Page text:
MYSTIC — While singing one verse of “Row, Row, Row Your Boat,” groups of fifth-graders focused on how to keep everyone on board a simulated life raft made from a tarpaulin in the Mystic Middle School gymnasium Tuesday morning.

If anyone fell off the raft during the song, the group had to start over.

If everyone stayed on board during the song, then the group could step off and strategize for the next round, when the raft would be made a little smaller by folding the tarpaulin.

As the rafts diminished in size, laughter filled the gym as the students worked together to figure out how to hold everyone on board through each round.

“This is pushing them out of their comfort zone and they’re really working on team-building, communication and remaining positive when things are getting difficult —  and they’re going to have to do that next year,” said Amanda Illinger, a physical education teacher at Mystic Middle School, who led the exercise for fifth-graders from both Mystic Middle School and Pawcatuck Middle School. They were mixed together in groups in for a transition day in anticipation of the town’s middle school consolidation in the fall.

As of July 1, the beginning of the 2019-20 fiscal year, the two middle schools will merge to become Stonington Middle School, located in the Mystic building. Pawcatuck Middle School will be renovated to house the District Office, an alternative education program, and space for town recreational activities.

Illinger said the team-building activities were intended to be “replicas for real life.”

“It might be uncomfortable at the beginning of the year and these activities get them to understand that when they’re out of their comfort zone and they remain positive, they can still accomplish a goal,” she said. “If we can do that next year, when we’re out of our comfort zone in the beginning and we stay positive and work together, we can have a great year.”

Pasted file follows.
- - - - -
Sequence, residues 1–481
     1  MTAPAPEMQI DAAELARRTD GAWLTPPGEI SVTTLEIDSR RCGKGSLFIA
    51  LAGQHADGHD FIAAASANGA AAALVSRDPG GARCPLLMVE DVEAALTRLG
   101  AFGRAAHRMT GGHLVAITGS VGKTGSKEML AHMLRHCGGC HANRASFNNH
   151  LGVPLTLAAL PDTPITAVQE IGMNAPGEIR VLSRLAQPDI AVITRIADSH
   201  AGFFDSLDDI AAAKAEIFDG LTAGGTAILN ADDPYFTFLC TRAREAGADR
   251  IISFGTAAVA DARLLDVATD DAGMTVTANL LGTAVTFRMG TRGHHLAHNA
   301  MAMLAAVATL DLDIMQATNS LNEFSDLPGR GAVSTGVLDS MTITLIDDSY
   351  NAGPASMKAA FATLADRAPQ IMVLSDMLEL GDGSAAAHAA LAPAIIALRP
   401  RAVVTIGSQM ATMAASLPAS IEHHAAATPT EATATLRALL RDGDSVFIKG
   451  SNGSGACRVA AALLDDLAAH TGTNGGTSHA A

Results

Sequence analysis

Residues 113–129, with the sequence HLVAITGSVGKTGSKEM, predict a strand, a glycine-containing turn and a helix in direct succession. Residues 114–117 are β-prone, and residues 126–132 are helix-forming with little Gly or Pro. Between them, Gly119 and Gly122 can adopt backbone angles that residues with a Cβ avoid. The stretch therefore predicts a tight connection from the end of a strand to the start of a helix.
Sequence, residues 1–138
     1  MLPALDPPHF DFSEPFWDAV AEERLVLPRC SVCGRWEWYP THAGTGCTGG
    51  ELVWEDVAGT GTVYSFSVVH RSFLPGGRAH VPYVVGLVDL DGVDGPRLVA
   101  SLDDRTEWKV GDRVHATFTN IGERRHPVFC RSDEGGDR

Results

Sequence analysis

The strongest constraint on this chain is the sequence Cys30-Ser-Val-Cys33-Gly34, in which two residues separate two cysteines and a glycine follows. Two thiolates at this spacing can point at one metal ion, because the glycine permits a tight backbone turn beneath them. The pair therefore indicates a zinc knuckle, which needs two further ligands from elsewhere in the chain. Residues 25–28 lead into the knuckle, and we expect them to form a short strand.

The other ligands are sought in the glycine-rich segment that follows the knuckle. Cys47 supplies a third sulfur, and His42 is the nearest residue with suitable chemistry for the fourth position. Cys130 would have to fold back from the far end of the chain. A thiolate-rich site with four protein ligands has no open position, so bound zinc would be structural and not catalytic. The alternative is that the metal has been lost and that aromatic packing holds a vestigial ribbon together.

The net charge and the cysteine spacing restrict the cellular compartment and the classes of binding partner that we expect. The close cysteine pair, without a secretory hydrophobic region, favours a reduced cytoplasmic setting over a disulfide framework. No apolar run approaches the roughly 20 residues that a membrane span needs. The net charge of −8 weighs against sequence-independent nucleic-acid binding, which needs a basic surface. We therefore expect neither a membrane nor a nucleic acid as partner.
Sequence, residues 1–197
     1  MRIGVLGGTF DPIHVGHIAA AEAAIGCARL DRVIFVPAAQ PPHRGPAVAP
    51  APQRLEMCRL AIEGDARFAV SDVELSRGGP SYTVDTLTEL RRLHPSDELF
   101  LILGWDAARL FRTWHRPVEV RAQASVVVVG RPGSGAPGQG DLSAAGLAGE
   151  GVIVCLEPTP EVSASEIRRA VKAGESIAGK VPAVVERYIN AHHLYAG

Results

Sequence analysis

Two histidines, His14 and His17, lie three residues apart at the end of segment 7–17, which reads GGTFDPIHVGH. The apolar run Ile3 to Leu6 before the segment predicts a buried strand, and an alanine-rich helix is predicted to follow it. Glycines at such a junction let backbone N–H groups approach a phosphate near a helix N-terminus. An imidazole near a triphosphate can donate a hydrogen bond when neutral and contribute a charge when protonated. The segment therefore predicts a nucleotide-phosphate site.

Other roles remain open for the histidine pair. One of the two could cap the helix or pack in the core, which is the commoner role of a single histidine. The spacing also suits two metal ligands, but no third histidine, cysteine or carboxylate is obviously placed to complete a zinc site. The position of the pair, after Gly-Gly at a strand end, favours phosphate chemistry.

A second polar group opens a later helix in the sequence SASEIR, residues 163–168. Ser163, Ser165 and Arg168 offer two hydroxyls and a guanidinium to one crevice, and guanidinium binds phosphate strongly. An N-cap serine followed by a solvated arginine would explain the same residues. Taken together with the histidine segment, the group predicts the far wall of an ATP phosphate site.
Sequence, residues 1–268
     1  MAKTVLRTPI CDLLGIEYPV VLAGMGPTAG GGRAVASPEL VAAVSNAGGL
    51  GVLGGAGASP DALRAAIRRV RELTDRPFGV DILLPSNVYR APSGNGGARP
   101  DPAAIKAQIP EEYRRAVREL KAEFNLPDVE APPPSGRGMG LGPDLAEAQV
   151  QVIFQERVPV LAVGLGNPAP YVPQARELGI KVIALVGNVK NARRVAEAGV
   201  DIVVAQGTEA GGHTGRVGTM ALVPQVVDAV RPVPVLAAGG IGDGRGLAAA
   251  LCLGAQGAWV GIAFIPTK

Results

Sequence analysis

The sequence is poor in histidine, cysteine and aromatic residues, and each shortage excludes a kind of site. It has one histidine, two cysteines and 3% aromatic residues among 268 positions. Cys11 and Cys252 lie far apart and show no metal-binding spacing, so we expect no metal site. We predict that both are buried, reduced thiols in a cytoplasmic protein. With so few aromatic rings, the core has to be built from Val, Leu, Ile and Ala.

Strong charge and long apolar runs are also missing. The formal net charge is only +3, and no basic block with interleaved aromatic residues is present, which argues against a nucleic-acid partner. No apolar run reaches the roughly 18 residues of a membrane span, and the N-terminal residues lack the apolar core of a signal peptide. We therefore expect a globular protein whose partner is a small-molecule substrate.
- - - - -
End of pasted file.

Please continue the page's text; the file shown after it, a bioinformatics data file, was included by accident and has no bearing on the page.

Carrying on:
As part of the transition day, the 165 fifth-graders also participated in one-on-one getting-to-know-you activities and took tours of the building. The sixth-graders from both middle schools participated in a transition day on Monday, and the seventh-graders did the exercises on March 8.

“For both sets of kids it’s an opportunity to meet and greet," said Tim Smith, principal of both middle schools and the future single middle school. "And, for the Pawcatuck kids, it’s an opportunity to see the building for the first time and to get a tour.”

Smith, whose office is at Mystic Middle School, said Tuesday that more activities would be scheduled when the the students come back in August.

Smith said the students could also do activities together using technology such as Skype to video-chat or Google docs to communicate, since their "advisories," or homerooms, have been paired up.

Matayo Swepson, 11, who attends Pawcatuck Middle School, said the activities on Tuesday were an effective way of getting to know his future classmates. “I think it’s a cool way to start off meeting new people that we’re going to be combined with in classes next year,” he said. “I just think it’s neat how we get to know our surroundings, like where things are, before we go there.”

Morghan Kuhn, 11, a Mystic Middle School student, said she had made a number of new friends over the course of the morning and she was looking forward to the consolidation. “I think it’s great because we’re finally having a bigger school and it’s going to be good because most of us already know everyone in our grade and it’s nice to meet some new people so we can meet new friends,” she said.

Pawcatuck Middle School student Marleigh Piacenza, 11, also said the activities had been helpful. “The raft was really fun because everyone got to work together and if you made a mistake it was OK,” she said. “I think the activities are really fun because you get to meet new people and learn things about them.”

Mystic Middle School student Ryan Bryant, 11, said the consolidation would bring some changes, like two lunch sessions and “a lot more kids than I’m used to.”

“It’s going to be fun,” he said. “Like Ms. Illinger said, we’re trying new things, trying to get to know each other.”

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